2.4 Western blot

SDS-PAGE and blotting were carried out as described [3]. Membranes were blocked with 5% (w/v) dried milk in 100 mmol/l Tris, pH 7.5, 0.1% (v/v) Tween 20 and 150 mmol/l NaCl (TBST) for 1 h prior to overnight incubation at 4 °C with the primary antibodies. Primary antibodies were a custom-made (Eurogentec, Brussels) rabbit polyclonal affinity-purified antibody against recombinant full-length rat I-1 that cross-reacts with mouse, rabbit and human I-1 (FB 70, 1/1000), and antibodies against rabbit skeletal muscle I-1 (1/200, kindly provided by P. Greengard, G 184), phospho-DARPP-32 (1/2000, Cell Signaling Technology, Beverly, MA), calsequestrin (CSQ, 1/2500; Dianova, Hamburg, Germany), PP1 (1/500, Upstate, Lake Placid, NY), cardiac troponin I (TnI, 1/30,000, Chemicon, Temecula, CA), phospho-TnI (1/30,000, HyTest, Turku, Finland), total PLB and Ser16-phosphorylated PLB (both 1/5000; PhosphoProtein Research, Bardsey, UK). Immunoblots were developed with anti-rabbit or anti-mouse IgG-horseradish peroxidase, subjected to Enhanced Chemiluminescence PLUS detection reagents (Amersham) and exposed to film for appropriate times. Densitometric signals on X-ray films were evaluated with GelDoc (Biorad).

2.5 Statistical analysis

Data are mean±S.E.M. Statistical analysis was performed using ANOVA or Students t-test, correlation analysis with Spearman–Rank correlation. P<0.05 was considered significant.

3 Results

3.1 Detection and quantitation of I-1 protein in immunoblots

To identify a specific “I-1 band”, immunoblots of standard homogenates for both WT and I-1(−/−) heart (30 μg) were probed with G 184 I-1 antibody (against rabbit skeletal muscle I-1) and FB 70 I-1 antibody (against rat heart I-1) and for negative control with G 184 incubated with 37.5 μg recombinant I-1 protein (for preadsorption) or FB 70 preimmune serum. As shown in Fig. 1A, there was no difference in the pattern of the immunoreacting bands. This confirmed our previous report that I-1 protein is not detectable in standard homogenates [3] and other published data showing that TCA-extracts of at least one whole guinea-pig heart were necessary for detection of I-1 by Western blots [6,7]. In contrast, immunoblots of TCA-extracts from WT and I-1(−/−) skeletal muscle (10 μg, ∼25 mg wet weight) probed with FB 70 I-1 antibody showed a strong immunoreactive band at ∼29 kDa in skeletal muscle from WT but not from I-1(−/−) mice (Fig. 1B). To further confirm the validity of this extraction method and the specificity of detecting I-1, immunoblots of TCA-extracts from rat skeletal muscle, rabbit skeletal muscle and human LVM were probed with the FB 70 I-1 antibody or preimmune serum. As shown in Fig. 1C a band of ∼29 kDa (rat) or ∼26 kDa (rabbit, human) was detected by the I-1 antibody, but not by its preimmune serum. The species-dependent difference in size of I-1 and the apparent molecular mass are in accord published data [6,8,9].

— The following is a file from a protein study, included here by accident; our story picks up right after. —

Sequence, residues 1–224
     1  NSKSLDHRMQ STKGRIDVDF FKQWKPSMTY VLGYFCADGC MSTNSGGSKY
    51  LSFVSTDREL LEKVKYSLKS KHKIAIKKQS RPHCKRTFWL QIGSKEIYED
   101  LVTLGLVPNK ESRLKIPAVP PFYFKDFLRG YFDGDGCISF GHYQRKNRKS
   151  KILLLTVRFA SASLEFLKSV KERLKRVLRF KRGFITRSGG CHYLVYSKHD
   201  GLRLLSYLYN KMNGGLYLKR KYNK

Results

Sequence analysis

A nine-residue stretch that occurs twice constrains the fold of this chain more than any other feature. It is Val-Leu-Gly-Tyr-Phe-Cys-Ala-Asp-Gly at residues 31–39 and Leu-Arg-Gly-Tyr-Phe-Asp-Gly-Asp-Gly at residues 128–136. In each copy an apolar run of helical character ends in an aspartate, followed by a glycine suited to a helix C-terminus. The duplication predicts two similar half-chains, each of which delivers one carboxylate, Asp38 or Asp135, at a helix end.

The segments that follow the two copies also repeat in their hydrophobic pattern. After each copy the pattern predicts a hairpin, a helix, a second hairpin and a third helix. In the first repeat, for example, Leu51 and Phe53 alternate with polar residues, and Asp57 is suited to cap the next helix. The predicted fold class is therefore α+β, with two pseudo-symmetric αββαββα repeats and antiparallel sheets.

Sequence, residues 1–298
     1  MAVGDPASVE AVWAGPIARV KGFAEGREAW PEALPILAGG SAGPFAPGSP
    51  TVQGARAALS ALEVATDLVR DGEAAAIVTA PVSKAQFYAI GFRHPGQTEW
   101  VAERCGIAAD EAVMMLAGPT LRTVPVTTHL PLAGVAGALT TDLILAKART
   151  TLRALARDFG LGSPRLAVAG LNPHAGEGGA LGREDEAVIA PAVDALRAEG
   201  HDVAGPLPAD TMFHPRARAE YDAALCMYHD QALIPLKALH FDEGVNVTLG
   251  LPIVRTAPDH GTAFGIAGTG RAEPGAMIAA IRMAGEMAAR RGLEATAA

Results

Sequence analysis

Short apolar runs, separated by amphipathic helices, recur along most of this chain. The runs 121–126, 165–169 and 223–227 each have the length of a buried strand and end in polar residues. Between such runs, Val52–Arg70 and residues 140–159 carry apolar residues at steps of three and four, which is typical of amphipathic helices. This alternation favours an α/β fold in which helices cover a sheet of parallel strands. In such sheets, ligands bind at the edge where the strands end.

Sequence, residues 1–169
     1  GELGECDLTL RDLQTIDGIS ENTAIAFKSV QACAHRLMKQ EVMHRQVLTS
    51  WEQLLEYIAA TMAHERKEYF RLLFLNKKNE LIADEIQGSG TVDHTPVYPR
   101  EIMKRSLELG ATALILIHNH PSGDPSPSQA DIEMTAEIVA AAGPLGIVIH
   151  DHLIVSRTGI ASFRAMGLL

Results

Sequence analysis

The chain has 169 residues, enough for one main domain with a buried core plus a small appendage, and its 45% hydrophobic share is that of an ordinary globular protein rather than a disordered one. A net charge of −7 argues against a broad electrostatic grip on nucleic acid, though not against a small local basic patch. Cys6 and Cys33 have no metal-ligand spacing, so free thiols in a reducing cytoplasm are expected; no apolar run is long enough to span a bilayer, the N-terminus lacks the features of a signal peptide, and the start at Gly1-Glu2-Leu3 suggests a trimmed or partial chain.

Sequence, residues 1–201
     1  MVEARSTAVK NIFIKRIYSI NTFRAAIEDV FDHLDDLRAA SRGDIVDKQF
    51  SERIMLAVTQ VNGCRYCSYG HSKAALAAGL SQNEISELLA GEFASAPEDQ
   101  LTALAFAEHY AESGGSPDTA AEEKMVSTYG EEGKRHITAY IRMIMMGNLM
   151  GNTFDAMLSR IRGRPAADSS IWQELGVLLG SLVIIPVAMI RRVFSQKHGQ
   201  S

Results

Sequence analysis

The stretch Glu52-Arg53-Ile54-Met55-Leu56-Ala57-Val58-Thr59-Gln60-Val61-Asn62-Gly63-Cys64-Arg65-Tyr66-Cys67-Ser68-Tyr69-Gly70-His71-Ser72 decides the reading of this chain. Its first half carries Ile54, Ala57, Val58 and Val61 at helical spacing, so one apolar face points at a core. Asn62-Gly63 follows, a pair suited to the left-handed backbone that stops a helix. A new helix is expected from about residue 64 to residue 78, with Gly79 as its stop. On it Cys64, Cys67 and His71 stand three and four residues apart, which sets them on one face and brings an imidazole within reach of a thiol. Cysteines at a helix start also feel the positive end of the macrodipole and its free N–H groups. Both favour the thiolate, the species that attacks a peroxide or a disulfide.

Fig. 1

(A) Immunoblots of standard heart homogenates (30 μg) for WT and I-1(−/−) were probed with G 184 I-1 antibody (against rabbit skeletal muscle I-1) and G 184 incubated with 37.5 μg recombinant I-1 (for preadsorption, top) as well as with the FB 70 I-1 antibody (against rat heart I-1) and its preimmune serum (bottom). (B) Immunoblot of TCA-extracts for WT and I-1(−/−) skeletal muscle (10 μg, ∼25 mg wet weight) were probed with FB 70 I-1 antibody. Note, the immunoreactive signal at ∼29 kDa in WT skeletal muscle is absent in the I-1(−/−) tissue. (C) Immunoblot of TCA-extracts enriched in I-1 isolated from rat skeletal muscle (5.25 μg), rabbit skeletal muscle (3.3 μg) and human LVM (6.0 μg) were probed with the FB 70 I-1 antibody or for control with preimmune serum. Note, a protein band of ∼29 kDa (rat) and ∼26 kDa (rabbit, human) were detected by the I-1 antibody, but not by the preimmune serum. (D) Immunoblot to quantitate absolute I-1 in TCA-extracts from non-failing human LVM (range of 3.5–14 μg) using the FB 70 I-1 antibody and increasing amounts for recombinant I-1 for calibration (range of 6.25–25 ng).

To get an estimate of the absolute level of I-1 in human heart tissue, a dilution of recombinant rat I-1 (6.25–25 ng) was probed with the FB 70 antiserum in parallel with a dilution of TCA-extract from a non-failing heart (3.5–14 μg; Fig. 1D). The intensity of the immunoreactive band at ∼29 kDa of 12.5 ng recombinant I-1 was almost identical to the band at ∼26 kDa of 10.5 μg TCA-extract protein (according to 34.2 mg wet weight tissue and 5.3 mg protein in the initial homogenate). Under the assumption that the antiserum detects human I-1 with the same affinity as rat I-1 this experiment finds I-1 levels in non-failing human hearts at 126 fmol/mg protein or 126 nM. This concentration is well above the IC50 of PP1 inhibition (1 nM).

3.2 PP1, I-1 protein and I-1 phosphorylation levels in failing human hearts

Protein levels of protein PP1 were analyzed in total homogenates and normalized to CSQ (20 μg per lane). No differences were observed (Fig. 2A). I-1 protein and phosphorylation levels were determined in TCA-extracts. 1 g LV-tissue yielded 120±4 mg protein in the initial homogenate and 234±13 μg protein in the TCA-extract (n = 21), with no differences between the groups. Immunoblots of these extracts (7 μg per lane≅30 mg wet weight) demonstrated that the signal intensity was significantly smaller in failing than in non-failing hearts, independent of the etiology with a mean reduction of 58% (Fig. 2B, left panel). Immunoblots of the same homogenates were probed with an I-1 phosphospecific antibody [10] and demonstrated a mean reduction of phospho-I-1 in failing hearts by 77% (Fig. 2B, right panel). Normalization to internal control proteins was impossible after TCA extraction, but Ponceau S staining of blots and Coomassie-stained gels run in parallel confirmed equal protein loading (Fig. 2B, top). The lack of systematic differences in the band pattern argues against confounders due to TCA extraction.

Fig. 2

(A) PP1 protein levels in homogenates from hearts with dilated (DCM) or ICM or donor hearts (NF) normalized to CSQ. (B) I-1 and phospho-I-1 in TCA-extracts from the same hearts. Coomassie-stained gels run in parallel demonstrates equal protein loading and similar band pattern. *P<0.05 vs. NF. #Samples and order are identical to (A).

3.3 Protein and phosphorylation levels of PLB and TnI in failing human hearts